Cotton is hydrophilic, meaning that it draws water, which can be a good thing if it is kept wet, but if it is not kept wet it can get wet, draw that water in, and then release that water slowly as it dries and do this many times, as it seems to like working with water.  However, if it was wet, and mulched and the soil dampened initially beneath it, then the mulch should keep the cotton damp, and that should eventually cause bacteria and fungi to get into it.

I've seen plenty of fungi/mildew/mold-ish stuff happen with cotton when I've found it in old abandoned homesteads/collapsed buildings; so it will take on living communities when it is consistently damp. 

When I was a kid I found a rag on the driveway, that was damp after the rain, and I picked it up and it was teeming with worms underneath... and had a worm farm, so what I used to do was take old towels, soak them, and then lay them on the grass in the evening, and at night the worms would come and hang out underneath the moist towel, and I would pick them up in the morning and put them in my farm.  Worked a charm.  So, I wouldn't worry about the cotton being a problem with your soil community... so long as it's damp.  

You could cut holes into your sheets, at regular intervals (say a series of 6 inch holes with a one foot solid area of sheet between) and mulch heavily around the holes, and plant in those holes exclusively until the sheets breakdown; this would allow you to concentrate weeding on just those holes and the sheets would do the job, long term of suppressing weeds.  When they finally break down, you can plant in the alternate locations.  
 
Simone Gar
Posts: 154
Location: Alberta, zone 3
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Yes cotton. Yes covered and lots. Soil is great but it's not breaking down. I think it's the dry climate. However soil is actual pretty moist and good. We covered it with about 5 inches of wood chips and manure back them and everything is thriving. Only the sheets don't rot away. Crazy.
 
Kris Mendoza
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Location: New England USA, Zone 7a
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Hmm yes, maybe an experiment is in order--might have to be just a pillowcase as my space is limited!

 
Kris Mendoza
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Location: New England USA, Zone 7a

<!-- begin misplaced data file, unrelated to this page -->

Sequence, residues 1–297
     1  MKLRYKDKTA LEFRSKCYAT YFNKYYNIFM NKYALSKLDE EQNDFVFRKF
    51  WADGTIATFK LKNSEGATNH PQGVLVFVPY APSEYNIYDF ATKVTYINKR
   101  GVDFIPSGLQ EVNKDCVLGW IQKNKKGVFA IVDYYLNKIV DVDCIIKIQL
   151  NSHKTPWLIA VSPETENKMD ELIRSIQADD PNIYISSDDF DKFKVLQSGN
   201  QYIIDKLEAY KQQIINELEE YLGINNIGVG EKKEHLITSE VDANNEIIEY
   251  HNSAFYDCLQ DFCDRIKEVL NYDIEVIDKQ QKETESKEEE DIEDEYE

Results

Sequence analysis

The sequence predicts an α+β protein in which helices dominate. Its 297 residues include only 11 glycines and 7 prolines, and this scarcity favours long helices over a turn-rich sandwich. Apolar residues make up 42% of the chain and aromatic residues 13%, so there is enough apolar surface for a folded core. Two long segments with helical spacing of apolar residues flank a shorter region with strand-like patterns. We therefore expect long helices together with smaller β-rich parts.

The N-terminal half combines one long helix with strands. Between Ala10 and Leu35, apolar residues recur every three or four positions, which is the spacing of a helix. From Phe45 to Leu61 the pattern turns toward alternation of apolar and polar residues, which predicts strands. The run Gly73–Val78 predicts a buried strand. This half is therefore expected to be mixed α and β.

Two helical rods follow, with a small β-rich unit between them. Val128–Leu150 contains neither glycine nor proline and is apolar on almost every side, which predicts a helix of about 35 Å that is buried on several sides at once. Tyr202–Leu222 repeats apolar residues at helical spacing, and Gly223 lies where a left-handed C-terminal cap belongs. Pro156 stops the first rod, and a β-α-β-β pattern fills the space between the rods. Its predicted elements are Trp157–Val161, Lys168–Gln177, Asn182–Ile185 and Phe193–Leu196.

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And that's a good point about the elastic from undies! I was planning to cut out the elastic if using a bottom sheet...
 
William Bronson
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That they don't break down could be a good thing.
Essentially they would be landscape fabric,but without the plastics.
 
Angelika Maier
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I use old bedsheets to tie up tomatoes etc. It is very gentle on the plants. There is so much cardboard around...
 
Linda Secker
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cotton sheet material doesn't break down here either....  if it goes in the compost it does - and zips, elastic etc are easy to pull out later - but I did exactly what you were thinking of doing, using at as a base layer for a mulched bed, and it was still intact after several years. I don't understand how or why!!!

Anyhow, I now use cotton fabric offcuts as landscape fabric - works a treat
 
Carma Nykanen
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Hey there,
This has been interesting to read. Different comments came up from than what was brought up on the thread on the same topic last year:

https://permies.com/t/58997/Cotton-sheets-cardboard-mulch

Since then I have laid it down in order to prepare for my next area of planting to kill tenacious weeds. I'm going to plant into it. eventually it'll then break down after my plants are big enough to tolerate some competition. It thus far is very successful.

It's nice when I can find sheets from old estate sales that are hundred percent cotton, wash to strip All detergent residue. Tablecloths and old bolts of fabric are also options.

My kids do not leave many clothing usable to pass down out of the family. They now are one layer of the compost in place beds we've done.